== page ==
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However, data silos are proving a big blocker to understanding loyal guests and tracking guest behaviour overall. Simplistic measures mean you may know their source once they’ve arrived at your online ordering channel for example, or if they log in that they have ordered from you multiple times before. But what happens if they don’t login? What happens when that online guest joins you in-store? Are you still able to know who that guest is, and track any and every interaction across every channel? It all adds up to form an incomplete picture of guests, and through the lack of a single customer view restaurants are unable to truly understand their guests, forge meaningful relationships with them, and capitalise on their efforts in order to foster long-term loyalty.

4. Information sharing is low and data integrity compromised

Data silos are quite often two fold in the sense that they occur as a result of fragmented technology and platforms but also through siloed teams within a business. Sometimes it’s both, with different teams working on different platforms, together forming these larger silos. Irrespective, quite often the result is a prolific effect on collaboration and problem solving, whereby teams are analysing and tackling problems in isolation.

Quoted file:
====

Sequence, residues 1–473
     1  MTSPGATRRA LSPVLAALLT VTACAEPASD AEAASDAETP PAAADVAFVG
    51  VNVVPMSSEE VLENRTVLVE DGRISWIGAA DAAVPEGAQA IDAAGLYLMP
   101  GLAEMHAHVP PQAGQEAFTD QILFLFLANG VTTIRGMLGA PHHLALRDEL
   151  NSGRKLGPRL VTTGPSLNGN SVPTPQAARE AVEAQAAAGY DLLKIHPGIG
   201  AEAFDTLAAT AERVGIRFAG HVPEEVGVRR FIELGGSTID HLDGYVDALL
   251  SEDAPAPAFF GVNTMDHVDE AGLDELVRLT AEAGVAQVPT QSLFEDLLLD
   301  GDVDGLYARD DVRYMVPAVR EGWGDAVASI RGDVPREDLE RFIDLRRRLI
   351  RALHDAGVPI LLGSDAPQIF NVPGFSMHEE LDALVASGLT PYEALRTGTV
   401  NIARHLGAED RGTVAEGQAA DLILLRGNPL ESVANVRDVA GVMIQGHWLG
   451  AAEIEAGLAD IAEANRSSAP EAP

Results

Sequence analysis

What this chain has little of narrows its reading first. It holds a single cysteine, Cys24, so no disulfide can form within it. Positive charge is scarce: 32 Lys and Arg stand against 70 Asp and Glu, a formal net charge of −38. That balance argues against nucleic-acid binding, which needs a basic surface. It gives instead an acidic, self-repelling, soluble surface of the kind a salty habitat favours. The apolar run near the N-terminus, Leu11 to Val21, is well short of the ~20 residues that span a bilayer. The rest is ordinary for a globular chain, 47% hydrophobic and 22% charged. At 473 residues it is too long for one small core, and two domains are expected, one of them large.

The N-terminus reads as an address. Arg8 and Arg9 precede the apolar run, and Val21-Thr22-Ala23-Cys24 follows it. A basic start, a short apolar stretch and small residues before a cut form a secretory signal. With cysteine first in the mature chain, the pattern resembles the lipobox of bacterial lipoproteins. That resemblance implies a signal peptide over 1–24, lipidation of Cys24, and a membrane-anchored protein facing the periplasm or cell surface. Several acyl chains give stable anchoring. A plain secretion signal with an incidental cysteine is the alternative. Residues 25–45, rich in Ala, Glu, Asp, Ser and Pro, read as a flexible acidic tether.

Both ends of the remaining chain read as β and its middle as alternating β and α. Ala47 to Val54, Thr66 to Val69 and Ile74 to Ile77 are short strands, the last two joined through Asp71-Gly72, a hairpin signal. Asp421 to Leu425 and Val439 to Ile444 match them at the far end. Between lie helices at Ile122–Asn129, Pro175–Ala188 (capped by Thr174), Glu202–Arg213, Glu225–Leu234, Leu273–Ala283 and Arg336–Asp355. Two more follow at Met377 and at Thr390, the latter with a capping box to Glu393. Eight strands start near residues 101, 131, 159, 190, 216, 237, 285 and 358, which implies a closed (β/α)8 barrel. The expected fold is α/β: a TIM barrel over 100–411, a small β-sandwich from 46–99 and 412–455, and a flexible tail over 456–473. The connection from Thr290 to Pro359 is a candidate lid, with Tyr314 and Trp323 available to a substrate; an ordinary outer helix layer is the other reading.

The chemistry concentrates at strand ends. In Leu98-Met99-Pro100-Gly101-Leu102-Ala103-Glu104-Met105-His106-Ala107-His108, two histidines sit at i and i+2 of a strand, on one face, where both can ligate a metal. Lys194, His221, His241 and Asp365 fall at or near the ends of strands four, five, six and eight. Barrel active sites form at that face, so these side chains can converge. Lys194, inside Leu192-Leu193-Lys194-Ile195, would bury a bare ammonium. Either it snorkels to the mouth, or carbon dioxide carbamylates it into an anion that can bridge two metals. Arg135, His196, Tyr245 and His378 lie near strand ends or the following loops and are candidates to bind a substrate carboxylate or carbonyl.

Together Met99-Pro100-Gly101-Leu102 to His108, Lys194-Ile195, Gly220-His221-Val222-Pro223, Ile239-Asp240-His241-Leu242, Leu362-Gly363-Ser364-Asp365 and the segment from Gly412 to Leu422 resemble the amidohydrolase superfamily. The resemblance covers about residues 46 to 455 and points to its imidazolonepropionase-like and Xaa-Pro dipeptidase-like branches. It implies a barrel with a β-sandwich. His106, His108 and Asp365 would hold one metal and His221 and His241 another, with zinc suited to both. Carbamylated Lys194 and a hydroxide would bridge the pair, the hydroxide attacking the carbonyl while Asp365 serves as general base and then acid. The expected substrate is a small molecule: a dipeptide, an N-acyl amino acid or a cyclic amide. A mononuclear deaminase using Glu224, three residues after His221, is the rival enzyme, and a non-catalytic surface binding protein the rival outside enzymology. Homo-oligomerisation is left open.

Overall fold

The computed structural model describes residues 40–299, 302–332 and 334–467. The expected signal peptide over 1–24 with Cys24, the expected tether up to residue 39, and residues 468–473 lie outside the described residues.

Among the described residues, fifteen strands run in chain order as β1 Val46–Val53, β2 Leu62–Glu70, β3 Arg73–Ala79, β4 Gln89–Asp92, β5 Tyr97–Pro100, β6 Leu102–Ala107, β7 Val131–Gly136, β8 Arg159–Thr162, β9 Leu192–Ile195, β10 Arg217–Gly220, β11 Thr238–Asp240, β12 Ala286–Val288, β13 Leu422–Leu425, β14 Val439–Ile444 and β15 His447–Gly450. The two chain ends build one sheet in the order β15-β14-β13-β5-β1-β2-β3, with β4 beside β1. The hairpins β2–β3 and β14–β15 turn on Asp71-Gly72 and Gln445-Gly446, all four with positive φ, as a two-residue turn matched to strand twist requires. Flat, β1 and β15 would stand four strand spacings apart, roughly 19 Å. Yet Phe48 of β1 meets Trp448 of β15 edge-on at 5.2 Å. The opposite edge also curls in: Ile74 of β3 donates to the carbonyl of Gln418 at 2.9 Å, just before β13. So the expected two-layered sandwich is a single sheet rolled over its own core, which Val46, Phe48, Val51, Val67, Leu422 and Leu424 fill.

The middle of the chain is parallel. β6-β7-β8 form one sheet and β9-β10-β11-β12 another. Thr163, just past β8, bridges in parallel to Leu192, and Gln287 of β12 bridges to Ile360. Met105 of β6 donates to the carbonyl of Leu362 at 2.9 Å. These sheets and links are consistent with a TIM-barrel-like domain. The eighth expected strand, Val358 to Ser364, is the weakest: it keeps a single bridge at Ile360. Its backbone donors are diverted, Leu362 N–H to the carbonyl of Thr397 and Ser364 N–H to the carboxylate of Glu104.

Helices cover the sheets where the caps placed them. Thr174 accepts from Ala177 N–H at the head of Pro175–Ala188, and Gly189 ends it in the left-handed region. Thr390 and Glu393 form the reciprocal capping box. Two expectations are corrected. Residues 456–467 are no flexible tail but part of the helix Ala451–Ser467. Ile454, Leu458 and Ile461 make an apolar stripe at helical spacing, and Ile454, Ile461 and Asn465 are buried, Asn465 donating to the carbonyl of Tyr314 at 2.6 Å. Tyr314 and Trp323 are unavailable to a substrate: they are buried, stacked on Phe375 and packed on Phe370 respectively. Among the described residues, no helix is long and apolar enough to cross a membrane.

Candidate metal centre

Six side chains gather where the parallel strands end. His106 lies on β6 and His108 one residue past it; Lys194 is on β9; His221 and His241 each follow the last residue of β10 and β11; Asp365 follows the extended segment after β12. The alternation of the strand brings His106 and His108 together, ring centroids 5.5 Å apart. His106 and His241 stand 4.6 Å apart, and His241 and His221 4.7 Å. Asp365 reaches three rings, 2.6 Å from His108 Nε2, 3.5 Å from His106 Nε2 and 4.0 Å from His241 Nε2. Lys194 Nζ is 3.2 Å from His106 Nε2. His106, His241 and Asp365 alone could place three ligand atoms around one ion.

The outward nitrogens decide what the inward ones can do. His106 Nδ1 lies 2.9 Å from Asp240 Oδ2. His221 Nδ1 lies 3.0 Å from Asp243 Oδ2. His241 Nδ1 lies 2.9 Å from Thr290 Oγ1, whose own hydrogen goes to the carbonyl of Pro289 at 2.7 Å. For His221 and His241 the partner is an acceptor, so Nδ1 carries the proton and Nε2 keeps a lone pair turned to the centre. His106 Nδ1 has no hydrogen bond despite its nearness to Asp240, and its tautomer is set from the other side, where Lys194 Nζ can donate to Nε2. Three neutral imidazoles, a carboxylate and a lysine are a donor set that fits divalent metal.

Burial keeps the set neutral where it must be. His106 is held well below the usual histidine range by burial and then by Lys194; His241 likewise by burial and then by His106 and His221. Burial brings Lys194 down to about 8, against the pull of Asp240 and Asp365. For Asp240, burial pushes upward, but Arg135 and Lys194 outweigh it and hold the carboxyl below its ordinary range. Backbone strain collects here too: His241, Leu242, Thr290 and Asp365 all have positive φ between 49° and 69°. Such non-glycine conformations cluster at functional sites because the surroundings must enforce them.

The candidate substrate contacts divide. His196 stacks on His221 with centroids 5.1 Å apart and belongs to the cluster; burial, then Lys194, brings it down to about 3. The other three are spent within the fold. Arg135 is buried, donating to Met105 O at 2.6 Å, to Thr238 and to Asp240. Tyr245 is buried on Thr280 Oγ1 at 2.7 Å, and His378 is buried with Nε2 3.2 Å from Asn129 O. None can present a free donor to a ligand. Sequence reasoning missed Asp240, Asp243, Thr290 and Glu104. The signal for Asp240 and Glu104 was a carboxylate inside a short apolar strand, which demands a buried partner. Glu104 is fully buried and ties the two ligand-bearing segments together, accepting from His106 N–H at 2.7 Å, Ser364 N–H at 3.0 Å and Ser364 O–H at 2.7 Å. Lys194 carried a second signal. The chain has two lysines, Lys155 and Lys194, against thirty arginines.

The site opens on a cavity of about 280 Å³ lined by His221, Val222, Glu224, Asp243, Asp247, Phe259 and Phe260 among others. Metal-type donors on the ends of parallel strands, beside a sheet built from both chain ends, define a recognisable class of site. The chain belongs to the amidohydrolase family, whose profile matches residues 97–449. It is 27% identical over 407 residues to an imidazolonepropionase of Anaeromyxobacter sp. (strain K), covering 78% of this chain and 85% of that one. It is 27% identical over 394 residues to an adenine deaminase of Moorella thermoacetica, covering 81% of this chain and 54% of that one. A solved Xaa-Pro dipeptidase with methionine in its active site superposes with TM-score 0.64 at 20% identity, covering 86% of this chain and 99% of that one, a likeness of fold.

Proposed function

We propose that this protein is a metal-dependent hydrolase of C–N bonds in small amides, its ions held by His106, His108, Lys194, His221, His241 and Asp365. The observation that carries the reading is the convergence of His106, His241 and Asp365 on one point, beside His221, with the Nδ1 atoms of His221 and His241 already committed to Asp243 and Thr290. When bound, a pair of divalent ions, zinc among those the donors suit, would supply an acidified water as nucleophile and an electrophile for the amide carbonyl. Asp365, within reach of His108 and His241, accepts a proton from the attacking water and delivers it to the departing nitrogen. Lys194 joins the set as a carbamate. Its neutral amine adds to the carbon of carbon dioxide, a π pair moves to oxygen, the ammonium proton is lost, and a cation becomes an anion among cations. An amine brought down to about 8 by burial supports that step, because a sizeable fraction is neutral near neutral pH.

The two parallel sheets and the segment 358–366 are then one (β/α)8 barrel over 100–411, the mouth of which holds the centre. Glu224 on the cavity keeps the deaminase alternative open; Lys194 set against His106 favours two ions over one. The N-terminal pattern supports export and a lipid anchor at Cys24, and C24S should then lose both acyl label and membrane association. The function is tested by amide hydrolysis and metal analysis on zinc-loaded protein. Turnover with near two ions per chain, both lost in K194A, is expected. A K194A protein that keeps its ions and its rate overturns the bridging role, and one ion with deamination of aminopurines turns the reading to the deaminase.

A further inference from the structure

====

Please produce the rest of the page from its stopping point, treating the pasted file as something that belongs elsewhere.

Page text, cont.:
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On the back of data being accessed from different places, what some encounter also is a problem with data integrity. What some teams might be reporting on or analysing might not match data in other areas of the business, be it it has become outdated or it’s simply inaccurate. And without the collaboration and centralised source, no one is able to uncover this. It could be as simple as franchisee owners analysing sales and orders from somewhere different to head office, with any discrepancies that crop up unable to be seen and rectified quickly.

Bringing your data silos together

It is imperative now, in a digital-first age where hospitality businesses are continuing to evolve their omnichannel experiences and lay the foundations towards what their digital future looks like, that data silos are reduced. Brands must look to take ownership of their data, and processes, to create a single view of the business and their guests, one that is easily interpretable. Because the winners of today and tomorrow will not be who has the most data but those that can properly use what they do have.

If you would like to discuss how MOBI can help you centralise all your hospitality data to gain the insight you need to grow your revenue and your brand, then get in touch with one of our experts.